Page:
The Archbishop's sermon was brief, and the theme came as no surprise. It was an elaboration of what he had told me the night before about religious profession and the reverence that was owed it.
* * * * * *
On January 1, 1993, Sister Marie Dolores Ballotta of the Sisters Minor of Mary Immaculate, a new religious congregation in the Diocese of Bridgeport, made her solemn profession at the ten o'clock Mass in the magnificently renovated church of Holy Name of Jesus Parish in Stamford. The Mother General and Foundress of the Congregation, Mother Maria Elisabetta Patrizi, had come from Rome for the ceremony, joining hundreds of Holy Name of Jesus parishioners and their Pastor, Reverend Sherman W. Gray.
The Mass, which I was privileged to celebrate, and the profession, at which I presided, were quite unforgettable. When Sister Mary Dolores came before Mother Maria Elisabetta to recite her vows, words from the past rushed into my mind: "I am being granted the grace of witnessing the giving of an entire life to Christ and His Church. A religious is freely choosing the Lord above all else without condition or reservation. And the Lord in His gracious providence is allowing me to represent His Mystical Body in this marvelously holy event."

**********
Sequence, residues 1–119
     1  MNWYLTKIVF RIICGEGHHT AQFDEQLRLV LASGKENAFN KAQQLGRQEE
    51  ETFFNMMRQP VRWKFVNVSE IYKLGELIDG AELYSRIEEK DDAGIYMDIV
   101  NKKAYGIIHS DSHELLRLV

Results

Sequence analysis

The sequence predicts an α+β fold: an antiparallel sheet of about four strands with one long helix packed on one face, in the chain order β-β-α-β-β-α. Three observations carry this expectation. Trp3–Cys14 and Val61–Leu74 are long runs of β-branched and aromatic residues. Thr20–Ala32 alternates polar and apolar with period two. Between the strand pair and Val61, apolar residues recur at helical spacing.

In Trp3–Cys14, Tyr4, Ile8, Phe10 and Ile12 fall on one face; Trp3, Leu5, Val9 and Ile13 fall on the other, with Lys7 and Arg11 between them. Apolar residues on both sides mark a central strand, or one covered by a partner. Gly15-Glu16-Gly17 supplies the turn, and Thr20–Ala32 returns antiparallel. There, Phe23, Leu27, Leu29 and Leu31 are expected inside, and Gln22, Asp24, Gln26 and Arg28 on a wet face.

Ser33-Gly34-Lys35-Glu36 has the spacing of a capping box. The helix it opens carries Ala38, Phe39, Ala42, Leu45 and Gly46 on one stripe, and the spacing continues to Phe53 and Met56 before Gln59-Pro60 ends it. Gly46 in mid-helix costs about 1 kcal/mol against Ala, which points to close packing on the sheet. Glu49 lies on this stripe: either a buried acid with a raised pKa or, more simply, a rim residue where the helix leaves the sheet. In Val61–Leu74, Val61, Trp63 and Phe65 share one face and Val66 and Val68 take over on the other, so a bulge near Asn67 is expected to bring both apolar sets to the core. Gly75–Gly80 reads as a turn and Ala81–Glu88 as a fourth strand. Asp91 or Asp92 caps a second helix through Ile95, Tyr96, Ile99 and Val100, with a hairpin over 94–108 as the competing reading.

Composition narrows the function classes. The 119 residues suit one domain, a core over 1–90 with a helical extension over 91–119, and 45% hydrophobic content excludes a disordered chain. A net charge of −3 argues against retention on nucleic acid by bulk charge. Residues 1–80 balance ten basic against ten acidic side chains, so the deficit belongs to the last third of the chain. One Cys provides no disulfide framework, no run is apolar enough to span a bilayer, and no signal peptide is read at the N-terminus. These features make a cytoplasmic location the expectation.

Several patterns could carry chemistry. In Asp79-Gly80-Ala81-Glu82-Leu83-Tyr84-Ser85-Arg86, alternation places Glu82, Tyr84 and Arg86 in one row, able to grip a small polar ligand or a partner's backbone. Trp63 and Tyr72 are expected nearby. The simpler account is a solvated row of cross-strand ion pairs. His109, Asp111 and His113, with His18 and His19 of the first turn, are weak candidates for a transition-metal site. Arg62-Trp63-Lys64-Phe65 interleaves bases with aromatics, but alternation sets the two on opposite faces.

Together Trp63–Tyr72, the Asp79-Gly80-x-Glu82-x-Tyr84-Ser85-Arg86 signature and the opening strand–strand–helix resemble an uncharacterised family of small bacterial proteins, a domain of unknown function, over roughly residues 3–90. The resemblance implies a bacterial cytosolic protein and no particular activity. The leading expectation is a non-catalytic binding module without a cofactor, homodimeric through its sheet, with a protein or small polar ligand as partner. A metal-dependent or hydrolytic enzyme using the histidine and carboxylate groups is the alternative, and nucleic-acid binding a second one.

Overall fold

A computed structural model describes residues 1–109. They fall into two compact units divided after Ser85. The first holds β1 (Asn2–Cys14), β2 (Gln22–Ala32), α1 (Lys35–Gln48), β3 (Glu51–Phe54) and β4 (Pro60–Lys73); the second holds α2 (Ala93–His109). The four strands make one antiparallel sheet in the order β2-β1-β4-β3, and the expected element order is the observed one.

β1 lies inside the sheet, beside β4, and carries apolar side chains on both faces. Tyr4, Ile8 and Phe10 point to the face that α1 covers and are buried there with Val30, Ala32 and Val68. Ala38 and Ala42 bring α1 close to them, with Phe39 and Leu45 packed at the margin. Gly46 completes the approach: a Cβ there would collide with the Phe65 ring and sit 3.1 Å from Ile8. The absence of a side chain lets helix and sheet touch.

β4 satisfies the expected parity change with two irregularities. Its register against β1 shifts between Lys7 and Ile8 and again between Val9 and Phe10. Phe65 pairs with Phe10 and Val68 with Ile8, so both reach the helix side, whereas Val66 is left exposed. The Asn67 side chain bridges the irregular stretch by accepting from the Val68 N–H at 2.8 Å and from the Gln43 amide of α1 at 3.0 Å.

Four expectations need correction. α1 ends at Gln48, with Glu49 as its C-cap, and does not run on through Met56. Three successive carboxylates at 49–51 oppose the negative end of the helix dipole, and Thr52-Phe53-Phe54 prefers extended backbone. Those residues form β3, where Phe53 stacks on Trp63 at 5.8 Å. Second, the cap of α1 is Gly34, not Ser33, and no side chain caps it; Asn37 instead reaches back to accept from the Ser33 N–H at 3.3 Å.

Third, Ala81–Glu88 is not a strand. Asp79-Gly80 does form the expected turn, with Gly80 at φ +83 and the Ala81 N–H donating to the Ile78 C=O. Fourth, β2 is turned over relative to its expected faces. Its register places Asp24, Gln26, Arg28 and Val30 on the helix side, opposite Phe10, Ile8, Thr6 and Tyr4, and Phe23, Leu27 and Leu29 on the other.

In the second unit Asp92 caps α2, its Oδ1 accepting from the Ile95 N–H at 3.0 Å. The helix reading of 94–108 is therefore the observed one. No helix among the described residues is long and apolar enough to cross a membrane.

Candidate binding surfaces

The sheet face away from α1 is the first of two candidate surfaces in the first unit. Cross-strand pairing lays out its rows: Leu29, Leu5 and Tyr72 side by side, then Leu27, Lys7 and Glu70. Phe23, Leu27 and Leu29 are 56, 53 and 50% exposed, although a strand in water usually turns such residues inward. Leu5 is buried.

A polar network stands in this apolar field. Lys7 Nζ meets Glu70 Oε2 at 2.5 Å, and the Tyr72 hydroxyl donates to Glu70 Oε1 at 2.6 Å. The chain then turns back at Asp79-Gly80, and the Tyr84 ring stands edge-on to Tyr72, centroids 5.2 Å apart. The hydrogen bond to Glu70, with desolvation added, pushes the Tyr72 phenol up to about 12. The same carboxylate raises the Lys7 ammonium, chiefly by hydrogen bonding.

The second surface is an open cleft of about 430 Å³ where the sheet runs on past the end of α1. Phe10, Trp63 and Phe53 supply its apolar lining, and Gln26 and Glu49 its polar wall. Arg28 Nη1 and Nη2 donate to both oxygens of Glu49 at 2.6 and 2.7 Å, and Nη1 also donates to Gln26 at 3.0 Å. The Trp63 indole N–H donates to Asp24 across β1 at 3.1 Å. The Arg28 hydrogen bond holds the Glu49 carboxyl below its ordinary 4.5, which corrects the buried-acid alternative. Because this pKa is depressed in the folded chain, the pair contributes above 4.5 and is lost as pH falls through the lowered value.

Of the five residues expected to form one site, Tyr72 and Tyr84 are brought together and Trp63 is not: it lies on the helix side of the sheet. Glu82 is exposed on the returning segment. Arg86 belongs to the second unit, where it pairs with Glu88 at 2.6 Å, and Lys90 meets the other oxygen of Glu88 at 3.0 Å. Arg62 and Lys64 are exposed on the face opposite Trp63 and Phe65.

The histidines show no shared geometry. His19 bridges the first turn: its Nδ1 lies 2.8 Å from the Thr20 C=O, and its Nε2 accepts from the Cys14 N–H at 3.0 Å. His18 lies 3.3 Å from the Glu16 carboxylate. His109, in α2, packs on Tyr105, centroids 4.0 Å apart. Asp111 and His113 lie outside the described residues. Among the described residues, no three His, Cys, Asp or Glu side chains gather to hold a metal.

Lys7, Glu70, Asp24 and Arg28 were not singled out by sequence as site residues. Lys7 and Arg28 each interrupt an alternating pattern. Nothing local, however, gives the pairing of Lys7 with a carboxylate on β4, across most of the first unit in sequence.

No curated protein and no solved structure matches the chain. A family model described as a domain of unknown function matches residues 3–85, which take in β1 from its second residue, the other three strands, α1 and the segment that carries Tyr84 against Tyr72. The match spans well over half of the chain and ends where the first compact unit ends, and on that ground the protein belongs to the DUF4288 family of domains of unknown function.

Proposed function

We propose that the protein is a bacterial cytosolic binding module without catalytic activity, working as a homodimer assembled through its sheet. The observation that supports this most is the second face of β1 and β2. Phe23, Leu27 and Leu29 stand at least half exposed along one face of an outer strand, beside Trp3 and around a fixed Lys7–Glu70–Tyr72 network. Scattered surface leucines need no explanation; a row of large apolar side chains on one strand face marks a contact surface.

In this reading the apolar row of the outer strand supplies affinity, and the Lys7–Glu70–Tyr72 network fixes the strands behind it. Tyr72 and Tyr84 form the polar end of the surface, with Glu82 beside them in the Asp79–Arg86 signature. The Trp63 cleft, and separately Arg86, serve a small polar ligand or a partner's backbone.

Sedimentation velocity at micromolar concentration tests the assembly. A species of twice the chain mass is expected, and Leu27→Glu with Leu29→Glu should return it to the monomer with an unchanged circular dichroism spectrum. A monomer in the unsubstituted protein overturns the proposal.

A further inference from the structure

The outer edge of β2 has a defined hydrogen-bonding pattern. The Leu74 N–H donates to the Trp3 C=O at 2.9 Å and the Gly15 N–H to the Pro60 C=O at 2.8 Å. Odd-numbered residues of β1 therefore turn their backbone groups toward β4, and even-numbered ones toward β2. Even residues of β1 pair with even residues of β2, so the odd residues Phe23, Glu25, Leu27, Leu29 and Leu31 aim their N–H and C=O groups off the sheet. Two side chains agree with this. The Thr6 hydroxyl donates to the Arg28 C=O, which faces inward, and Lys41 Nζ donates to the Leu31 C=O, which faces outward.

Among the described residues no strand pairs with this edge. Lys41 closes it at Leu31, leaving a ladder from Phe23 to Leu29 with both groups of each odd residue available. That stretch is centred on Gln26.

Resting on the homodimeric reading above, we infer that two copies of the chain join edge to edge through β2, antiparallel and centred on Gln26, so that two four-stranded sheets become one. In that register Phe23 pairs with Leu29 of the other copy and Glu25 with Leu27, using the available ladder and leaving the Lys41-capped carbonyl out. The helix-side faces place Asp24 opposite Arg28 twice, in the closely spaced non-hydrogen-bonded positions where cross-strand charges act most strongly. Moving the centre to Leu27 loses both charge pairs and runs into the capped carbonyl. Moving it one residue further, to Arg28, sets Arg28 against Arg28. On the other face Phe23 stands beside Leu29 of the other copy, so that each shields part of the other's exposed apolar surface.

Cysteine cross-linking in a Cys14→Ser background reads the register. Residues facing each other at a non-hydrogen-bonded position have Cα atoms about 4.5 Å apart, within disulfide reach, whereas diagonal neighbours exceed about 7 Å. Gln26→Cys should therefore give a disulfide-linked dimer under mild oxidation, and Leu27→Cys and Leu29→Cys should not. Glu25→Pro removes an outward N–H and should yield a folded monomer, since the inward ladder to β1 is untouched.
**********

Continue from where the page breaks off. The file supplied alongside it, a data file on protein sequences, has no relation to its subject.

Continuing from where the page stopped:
I whispered a prayer of thanks that, recalling the example of my seminary rector, I had made a holy hour in the presence of the Blessed Sacrament the night before, meditated on the evangelical counsels of poverty, chastity, and obedience when I rose in the morning, and even recited the Rosary with the Diocesan master-of-ceremonies as we drove from Bridgeport to Stamford.
There was, however, one small snag in the ceremony. The ring that I was wearing, much too large for my hand, kept slipping up and down my finger. It was a rather ornate piece of jewelry with a chalice engraved on one side of the setting, a bishop's mitre engraved on the other, and a green malachite stone in the center. I had never worn it before but sensed that I should on this particular occasion. It had been left to me by an Archbishop who died in a priests' retirement home in Wilkes-Barre, Pennsylvania, in 1986, an Archbishop on whose faculty I had served as a young priest and from whom as a seminarian I had learned the meaning, the beauty, and the wonder of religious profession.